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The percent composition of the product mixture

Add calcium chloride pellets one at a time to the organic solution until the liquid
is clear, not cloudy. Make a filter pipet by pushing a small plug of cotton into a Pasteur
pipet with a wooden stick. Push the cotton all the way down such that it is packed tightly
into the constriction of the pipet (see Figure page, Expt. 8). Holding the filter pipet over
a small clean, dry vial, transfer the liquid such that it passes through the cotton and into
the vial. To speed up the filtration, it is permissible to place a pipet bulb on the filter
pipet and gently squeeze the liquid through the cotton. Hold the vial in the hot water bath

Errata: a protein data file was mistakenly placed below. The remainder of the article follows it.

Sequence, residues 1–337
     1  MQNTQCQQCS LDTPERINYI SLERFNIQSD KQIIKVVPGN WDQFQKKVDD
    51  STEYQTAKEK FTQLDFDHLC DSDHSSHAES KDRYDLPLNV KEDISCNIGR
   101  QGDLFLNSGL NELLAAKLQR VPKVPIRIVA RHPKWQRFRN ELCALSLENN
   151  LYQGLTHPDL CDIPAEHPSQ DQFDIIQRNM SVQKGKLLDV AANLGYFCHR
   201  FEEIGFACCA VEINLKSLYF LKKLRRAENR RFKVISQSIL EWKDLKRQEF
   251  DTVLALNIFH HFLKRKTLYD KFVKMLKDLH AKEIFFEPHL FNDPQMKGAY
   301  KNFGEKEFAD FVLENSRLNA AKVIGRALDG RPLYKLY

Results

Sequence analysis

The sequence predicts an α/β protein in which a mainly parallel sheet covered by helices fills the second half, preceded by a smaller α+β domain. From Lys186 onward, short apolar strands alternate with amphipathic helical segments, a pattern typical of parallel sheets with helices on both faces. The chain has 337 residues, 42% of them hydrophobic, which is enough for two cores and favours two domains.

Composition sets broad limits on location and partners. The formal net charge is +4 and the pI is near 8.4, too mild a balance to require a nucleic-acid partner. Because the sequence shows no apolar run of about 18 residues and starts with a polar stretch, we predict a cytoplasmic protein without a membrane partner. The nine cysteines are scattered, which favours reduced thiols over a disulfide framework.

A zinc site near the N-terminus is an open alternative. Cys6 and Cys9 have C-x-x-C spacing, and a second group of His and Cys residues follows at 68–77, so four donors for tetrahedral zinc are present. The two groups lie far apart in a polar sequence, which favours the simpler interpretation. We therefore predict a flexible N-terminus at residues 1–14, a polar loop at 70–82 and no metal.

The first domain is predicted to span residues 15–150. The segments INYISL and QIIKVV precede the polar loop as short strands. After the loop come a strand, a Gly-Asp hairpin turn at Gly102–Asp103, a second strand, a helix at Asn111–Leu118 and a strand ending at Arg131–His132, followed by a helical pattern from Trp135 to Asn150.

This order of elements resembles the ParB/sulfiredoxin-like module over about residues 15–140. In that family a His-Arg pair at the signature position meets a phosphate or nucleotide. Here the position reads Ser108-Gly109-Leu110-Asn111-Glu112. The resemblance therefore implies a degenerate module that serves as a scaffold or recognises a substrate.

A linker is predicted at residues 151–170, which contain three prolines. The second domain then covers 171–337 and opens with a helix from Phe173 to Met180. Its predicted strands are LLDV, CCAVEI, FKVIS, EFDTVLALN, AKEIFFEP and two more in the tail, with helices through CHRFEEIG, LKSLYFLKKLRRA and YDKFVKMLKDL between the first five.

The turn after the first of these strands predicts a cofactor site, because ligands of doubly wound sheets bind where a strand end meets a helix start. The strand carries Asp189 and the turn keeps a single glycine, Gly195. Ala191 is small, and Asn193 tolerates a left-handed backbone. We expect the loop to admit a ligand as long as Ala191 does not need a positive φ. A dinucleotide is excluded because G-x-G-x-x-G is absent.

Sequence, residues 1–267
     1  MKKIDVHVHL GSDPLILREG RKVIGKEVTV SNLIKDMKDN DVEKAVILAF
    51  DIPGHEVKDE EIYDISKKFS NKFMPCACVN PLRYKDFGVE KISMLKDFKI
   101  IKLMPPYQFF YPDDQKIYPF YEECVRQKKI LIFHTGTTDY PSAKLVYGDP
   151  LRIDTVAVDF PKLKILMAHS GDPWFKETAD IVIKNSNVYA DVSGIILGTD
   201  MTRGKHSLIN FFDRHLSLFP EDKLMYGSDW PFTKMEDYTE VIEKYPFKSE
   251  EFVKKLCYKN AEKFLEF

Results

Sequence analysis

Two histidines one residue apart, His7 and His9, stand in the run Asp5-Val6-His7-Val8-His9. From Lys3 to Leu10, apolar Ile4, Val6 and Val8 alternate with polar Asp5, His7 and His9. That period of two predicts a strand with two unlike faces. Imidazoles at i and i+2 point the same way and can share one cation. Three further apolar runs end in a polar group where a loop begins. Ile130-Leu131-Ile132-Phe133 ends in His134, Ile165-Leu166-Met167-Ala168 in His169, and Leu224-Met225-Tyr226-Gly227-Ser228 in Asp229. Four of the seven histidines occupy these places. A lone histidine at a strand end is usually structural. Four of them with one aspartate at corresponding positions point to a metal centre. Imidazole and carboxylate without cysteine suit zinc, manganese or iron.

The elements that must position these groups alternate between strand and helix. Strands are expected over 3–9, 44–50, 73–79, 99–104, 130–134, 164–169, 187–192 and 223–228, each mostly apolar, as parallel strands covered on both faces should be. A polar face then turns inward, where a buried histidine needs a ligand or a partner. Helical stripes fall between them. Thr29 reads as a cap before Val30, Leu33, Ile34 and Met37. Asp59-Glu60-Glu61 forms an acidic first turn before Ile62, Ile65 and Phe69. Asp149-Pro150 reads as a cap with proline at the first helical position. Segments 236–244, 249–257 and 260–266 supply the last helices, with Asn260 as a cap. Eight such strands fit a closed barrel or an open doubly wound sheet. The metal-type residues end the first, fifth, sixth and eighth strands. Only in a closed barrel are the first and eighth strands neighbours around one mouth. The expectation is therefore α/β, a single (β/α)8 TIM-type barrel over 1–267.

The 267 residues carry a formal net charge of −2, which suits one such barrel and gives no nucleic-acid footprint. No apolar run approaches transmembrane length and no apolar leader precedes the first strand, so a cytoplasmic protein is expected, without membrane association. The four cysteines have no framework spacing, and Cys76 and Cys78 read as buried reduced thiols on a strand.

for 5 minutes to evaporate the ether. After the ether has evaporated, your TA will inject
your product onto the gas chromatograph.
Read pp 291-307, Chapter 20, in LTOC to learn about the technique of gas
chromatography. The first couple peaks that appear are likely to be due to remaining
diethyl ether and unreacted 1-chlorobutane and should be allowed to run off the paper.
You may also see a peak for CH2Cl2, which is used to clean the syringe. The product
peaks will elute in the order of their boiling points, with the product of lowest boiling
point appearing first. Measure the distance from the origin to the tip of each product
peak on your GC trace so you can later calculate the retention times (see Fig. 20.10 on
p. 299). Record the chart speed. The molar amounts of each compound present in the
reaction mixture are proportional to the areas under the peaks in the chromatogram. To
determine relative peak areas, measure the height of the peak and the width at half-height,
and multiply the two numbers (see LTOC, Section 20.8, p. 305-3